The Role of Oxalates in Autism and Chronic Disorders


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A mummy that had been preserved for a couple of thousand years in the high desert of Chile was discovered upon X-ray examination to have a very large oxalate stone in the kidney, about the size of a golf ball. The discovery of this ancient sufferer is testimony to the fact that kidney stones and oxalate toxicity have afflicted humans for a very long time.

Oxalates (the salt form of oxalic acid) are extremely painful when deposited in the body. About eighty percent of kidney stones are caused by oxalates and they are by far the most common factor in kidney stone formation. There is also a large degree of genetic variability in the ability to detoxify the chemicals that produce oxalates. Perhaps twenty percent of the population has a genetic variance that increases their likelihood of producing oxalates, even when not consuming a high-oxalate diet.


Oxalates can form all throughout the kidney and the urinary tract, and can also form in the ureter as well as in the bladder. These star-shaped crystalline stones cause pain as the pressure in the urinary filtrate builds up, and perhaps also by tearing into the walls of the urinary tract itself.

spr10-oxal1bSome kidney stones acquire a stag horn shape, while some oxalate crystals resemble pieces of coral. The crystals do have a lot of calcium in them just as coral does. Oxalate crystals appear in different colors. Some are black and almost look the color of Indian arrowheads made of obsidian. On page 41 is shown a picture of a kidney with one of the oxalate crystals imbedded in it. You can see that the crystal is very pointed. Some of these have extremely sharp ends that cause severe pain.

Kidney stones are one of the most common medical ailments—ten to fifteen percent of adults will be diagnosed with a kidney stone in their lifetime. One million Americans develop kidney stones each year and most of these are oxalate related. Seventy-five to ninety percent of kidney stones are made of oxalic acid bound to another compound, usually calcium.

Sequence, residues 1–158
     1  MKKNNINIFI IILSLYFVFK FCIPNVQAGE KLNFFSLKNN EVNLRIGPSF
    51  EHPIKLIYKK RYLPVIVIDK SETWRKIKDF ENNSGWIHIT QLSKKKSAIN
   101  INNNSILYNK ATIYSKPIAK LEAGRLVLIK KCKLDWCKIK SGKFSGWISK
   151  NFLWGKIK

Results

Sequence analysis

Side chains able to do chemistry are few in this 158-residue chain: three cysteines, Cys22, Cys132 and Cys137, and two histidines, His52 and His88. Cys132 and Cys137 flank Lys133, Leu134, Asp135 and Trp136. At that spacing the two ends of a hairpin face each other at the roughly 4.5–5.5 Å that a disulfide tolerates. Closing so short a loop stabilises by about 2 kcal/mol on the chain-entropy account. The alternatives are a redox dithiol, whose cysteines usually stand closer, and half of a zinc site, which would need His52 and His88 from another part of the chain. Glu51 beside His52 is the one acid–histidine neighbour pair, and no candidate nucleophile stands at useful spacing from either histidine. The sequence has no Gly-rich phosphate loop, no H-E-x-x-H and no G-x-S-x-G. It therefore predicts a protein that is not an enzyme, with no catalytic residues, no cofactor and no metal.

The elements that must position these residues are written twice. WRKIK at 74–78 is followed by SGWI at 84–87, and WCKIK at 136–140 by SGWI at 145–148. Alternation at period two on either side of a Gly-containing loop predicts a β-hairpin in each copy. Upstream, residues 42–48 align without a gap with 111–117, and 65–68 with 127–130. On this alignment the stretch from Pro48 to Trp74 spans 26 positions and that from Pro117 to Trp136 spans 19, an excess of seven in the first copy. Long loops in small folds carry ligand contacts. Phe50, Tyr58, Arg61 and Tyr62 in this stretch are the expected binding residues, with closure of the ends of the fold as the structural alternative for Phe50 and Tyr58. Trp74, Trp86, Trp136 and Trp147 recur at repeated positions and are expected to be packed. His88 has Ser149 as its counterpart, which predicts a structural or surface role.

Once you have experienced a kidney stone attack, you have a very high chance of having another unless you change your way. The common symptoms are pain in the side and the back below the ribs. The episodes of pain last between twenty to sixty minutes, and it is common to hear women who have suffered kidney stones claim that they are more painful than childbirth.

The pain radiates from the side and the back to the lower abdomen and groin. There may be bloody, cloudy and foul-smelling urine. If there is infection, there may also be fever and chills. Pain with urination may accompany nausea and vomiting, and the sufferer may have a persistent urge to urinate.

This last symptom is a common factor in autism. It has been noted that many children with autism urinate perhaps fifty times a day, but only release a small amount of urine each time. After I did my research it became clear that the behavior arose because these children were suffering from kidney stones and high oxalate concentrations. The children would urinate only a small amount at a time since when urinating normally the pressure of the stream causes pain. Frequently releasing small amounts of urine causes much less pain to the child.


Even though oxalate crystals are most common in the kidney, they also can form in virtually any other tissue in the body, including the brain and the blood-brain barrier. Oxalate crystals resembling pieces of glass can form in the heart muscle. As the heart muscle contracts, these pieces of oxalate crystals actually tear into the tissue. If these crystals are deposited in skeletal muscle, normal movement and exercise can be very painful. I’m convinced this is also one of the factors responsible for fibromyalgia. Oxalates may also cause thyroid disease as they react in thyroid tissue.


Star-shaped kidney stones can cause great pain in the kidneys and bladder.


Typical stag-horn shaped kidney stone.


A kidney stone resembling glass embedded in the kidney.